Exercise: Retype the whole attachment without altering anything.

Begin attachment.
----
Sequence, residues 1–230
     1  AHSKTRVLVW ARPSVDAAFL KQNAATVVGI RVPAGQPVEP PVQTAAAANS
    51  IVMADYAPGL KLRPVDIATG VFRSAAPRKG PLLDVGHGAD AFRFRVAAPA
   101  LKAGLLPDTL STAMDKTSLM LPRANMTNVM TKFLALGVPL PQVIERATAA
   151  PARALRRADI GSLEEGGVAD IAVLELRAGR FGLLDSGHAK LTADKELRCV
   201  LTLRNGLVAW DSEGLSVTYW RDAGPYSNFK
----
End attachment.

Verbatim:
Sequence, residues 1–230
     1  AHSKTRVLVW ARPSVDAAFL KQNAATVVGI RVPAGQPVEP PVQTAAAANS
    51  IVMADYAPGL KLRPVDIATG VFRSAAPRKG PLLDVGHGAD AFRFRVAAPA
   101  LKAGLLPDTL STAMDKTSLM LPRANMTNVM TKFLALGVPL PQVIERATAA
   151  PARALRRADI GSLEEGGVAD IAVLELRAGR FGLLDSGHAK LTADKELRCV
   201  LTLRNGLVAW DSEGLSVTYW RDAGPYSNFK